The federal deficit is the difference between the income of the federal government, primarily through income and corporate taxes, and its expenditures. Most of this deficit is financed through the sale of government bonds. Therefore, the size of the deficit will have an effect on the interest rate the government offers on its bonds.
The Federal Deficit
Despite its enormous size, the federal government operates on very much the same principles as any corporation or household. If the expenditures surpass income, the shortfall must be financed either by liquidating savings or borrowing. Since governments tend to have little to no savings they can tap into, the entire deficit is usually financed by borrowing. The federal government in the U.S. runs a large deficit and must, therefore, borrow heavily to make up for the shortfall. In addition, practically all state governments also operate on a deficit, and they too must borrow funds to continue operating.
The primary method of financing federal budget deficits is the sale of government bonds. These bonds are sold to institutional as well as individual investors, both domestically and on international markets. The holder of the bond is entitled to receive periodic interest payments, usually twice a year, as well as full repayment of the principal upon expiration of the bond. These bonds can range in maturity from less than one year to up to 30 years. The graphical representation of different interest rates paid for bonds of various maturities is referred to as the yield curve. The interest rates an investor can expect to receive from a short term bond can differ significantly from the rates offered by a 30-year bond.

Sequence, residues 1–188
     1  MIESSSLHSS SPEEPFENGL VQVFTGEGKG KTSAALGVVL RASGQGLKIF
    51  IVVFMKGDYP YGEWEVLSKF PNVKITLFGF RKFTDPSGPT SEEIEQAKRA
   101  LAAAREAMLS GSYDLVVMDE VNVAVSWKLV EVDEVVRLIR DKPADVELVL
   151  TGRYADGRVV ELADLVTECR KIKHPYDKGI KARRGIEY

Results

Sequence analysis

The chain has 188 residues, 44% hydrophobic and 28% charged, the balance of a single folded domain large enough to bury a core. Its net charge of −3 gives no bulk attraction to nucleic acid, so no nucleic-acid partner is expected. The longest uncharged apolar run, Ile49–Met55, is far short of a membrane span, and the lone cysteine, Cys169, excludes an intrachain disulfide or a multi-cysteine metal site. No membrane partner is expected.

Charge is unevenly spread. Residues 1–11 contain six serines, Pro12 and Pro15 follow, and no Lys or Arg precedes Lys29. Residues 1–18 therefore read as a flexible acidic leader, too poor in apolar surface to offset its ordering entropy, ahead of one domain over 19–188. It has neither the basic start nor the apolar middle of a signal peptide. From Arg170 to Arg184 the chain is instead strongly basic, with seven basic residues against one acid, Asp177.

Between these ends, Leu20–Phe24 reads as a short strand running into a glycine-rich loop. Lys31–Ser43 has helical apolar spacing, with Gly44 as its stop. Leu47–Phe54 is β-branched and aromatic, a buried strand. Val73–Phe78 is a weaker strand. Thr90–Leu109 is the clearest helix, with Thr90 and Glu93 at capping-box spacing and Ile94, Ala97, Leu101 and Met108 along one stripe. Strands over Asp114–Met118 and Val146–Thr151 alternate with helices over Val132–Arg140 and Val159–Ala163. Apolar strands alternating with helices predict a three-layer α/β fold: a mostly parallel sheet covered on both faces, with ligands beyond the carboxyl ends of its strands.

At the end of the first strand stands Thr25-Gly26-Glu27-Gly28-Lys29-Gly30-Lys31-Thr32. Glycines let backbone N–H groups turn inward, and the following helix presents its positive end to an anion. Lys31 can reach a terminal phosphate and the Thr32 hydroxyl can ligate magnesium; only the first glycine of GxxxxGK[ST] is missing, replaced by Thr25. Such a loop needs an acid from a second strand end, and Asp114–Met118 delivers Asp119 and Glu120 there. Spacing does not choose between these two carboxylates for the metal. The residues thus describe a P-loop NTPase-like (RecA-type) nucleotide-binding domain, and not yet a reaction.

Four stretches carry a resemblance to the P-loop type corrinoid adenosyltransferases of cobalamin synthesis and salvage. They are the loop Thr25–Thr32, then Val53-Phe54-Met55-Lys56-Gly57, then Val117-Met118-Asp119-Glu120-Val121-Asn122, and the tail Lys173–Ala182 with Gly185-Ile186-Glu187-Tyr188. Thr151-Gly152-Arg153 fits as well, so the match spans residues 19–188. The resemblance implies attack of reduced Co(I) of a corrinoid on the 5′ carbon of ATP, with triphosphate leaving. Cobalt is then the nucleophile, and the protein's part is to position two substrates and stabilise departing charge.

The higher the interest rate offered by a bond, the greater the number of investors who will wish to invest in it. In other words, increased interest rates result in greater demand. Therefore, when the budget deficit is high, and a large quantity of bonds must be sold to finance the deficit, the government is forced to offer higher rates of interest to sell enough bonds. Since the interest rate on treasury bonds is the single most important rate of interest within the broader economy, this tends to elevate all borrowing rates from mortgages to the interest consumers much pay on credit card debt. Treasury bond rates are so critical because the U.S. government is the safest borrower, with virtually zero chance of default, and all other borrowers, such as individual consumers, must pay a higher rate of interest to access funds.
While high governmental budget deficits are usually associated with higher interest rates, various other factors influence the general rate of borrowing in the economy. Japan is a particularly interesting example, since it runs an exceptionally large deficit in relation to the size of its economy, yet has some of the lowest interest rates in the world. A high savings rate, which creates a substantial demand for government bonds, can keep rates depressed. A strong private sector that relies mostly on profits, as opposed to borrowed funds, for growth will also make the government the single substantial supplier of bonds, thus allowing government bonds to enjoy strong demand despite relative low returns.
Hunkar Ozyasar is the former high-yield bond strategist for Deutsche Bank. He has been quoted in publications including "Financial Times" and the "Wall Street Journal." His book, "When Time Management Fails," is published in 12 countries while Ozyasar’s finance articles are featured on Nikkei, Japan’s premier financial news service. He holds a Master of Business Administration from Kellogg Graduate School.